It is unclear how this ruling will affect donor disclosure and privacy laws in other states. David Strauss, a law professor at the University of Chicago, said:
The Court has tried to draw a line between disclosures that are really going to hurt people … and disclosures that are unlikely to be harmful. The question is whether, after this decision, the Court is still going to try to draw that line, or is instead going to say: disclosure laws of all kinds risk chilling speech.
Rick Hasen, a law professor at the University of California, Irvine, said that the Supreme Court’s ruling could affect campaign finance laws more broadly:
The court’s ruling calls into question a number of campaign finance disclosure laws. Perhaps even more significant, it also threatens the constitutionality of campaign contribution laws, which are judged under the “exacting scrutiny” standard, too. Lower courts can now find that such laws are not narrowly tailored to prevent corruption or its appearance or do not provide voters with valuable information — two interests the court recognized in the past to justify campaign laws.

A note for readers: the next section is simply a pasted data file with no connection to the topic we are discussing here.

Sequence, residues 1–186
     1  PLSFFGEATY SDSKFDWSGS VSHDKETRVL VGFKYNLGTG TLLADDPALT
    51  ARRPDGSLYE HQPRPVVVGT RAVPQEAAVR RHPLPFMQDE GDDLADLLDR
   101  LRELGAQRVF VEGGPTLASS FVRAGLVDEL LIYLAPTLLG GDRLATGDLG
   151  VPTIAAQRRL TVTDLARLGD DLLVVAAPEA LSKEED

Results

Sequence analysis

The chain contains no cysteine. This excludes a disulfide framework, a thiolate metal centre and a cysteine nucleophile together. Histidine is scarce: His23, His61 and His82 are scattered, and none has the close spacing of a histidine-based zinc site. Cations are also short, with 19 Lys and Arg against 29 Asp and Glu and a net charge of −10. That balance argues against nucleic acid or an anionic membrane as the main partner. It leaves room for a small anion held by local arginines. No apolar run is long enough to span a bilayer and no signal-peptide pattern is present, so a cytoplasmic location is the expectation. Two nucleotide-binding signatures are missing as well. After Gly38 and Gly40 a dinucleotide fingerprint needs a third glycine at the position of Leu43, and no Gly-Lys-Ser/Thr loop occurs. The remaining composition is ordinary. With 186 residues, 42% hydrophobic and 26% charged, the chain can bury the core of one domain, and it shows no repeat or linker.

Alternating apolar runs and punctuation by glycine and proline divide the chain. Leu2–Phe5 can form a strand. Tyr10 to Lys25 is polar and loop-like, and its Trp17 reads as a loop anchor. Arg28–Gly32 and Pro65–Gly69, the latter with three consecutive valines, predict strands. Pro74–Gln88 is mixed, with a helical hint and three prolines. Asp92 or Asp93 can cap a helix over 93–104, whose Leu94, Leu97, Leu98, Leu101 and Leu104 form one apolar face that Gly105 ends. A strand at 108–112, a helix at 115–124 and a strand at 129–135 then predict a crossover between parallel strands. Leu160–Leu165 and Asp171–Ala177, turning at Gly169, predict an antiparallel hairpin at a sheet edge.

The big picture
Number of relevant bills by state: We’re currently tracking 39 pieces of legislation dealing with donor disclosure and privacy. On the map below, a darker shade of green indicates a greater number of relevant bills. Click here for a complete list of all the bills we’re tracking.
Number of relevant bills by current legislative status:
Number of relevant bills by partisan status of sponsor(s):
Recent legislative actions
No legislative actions have been taken on relevant bills since our last issue.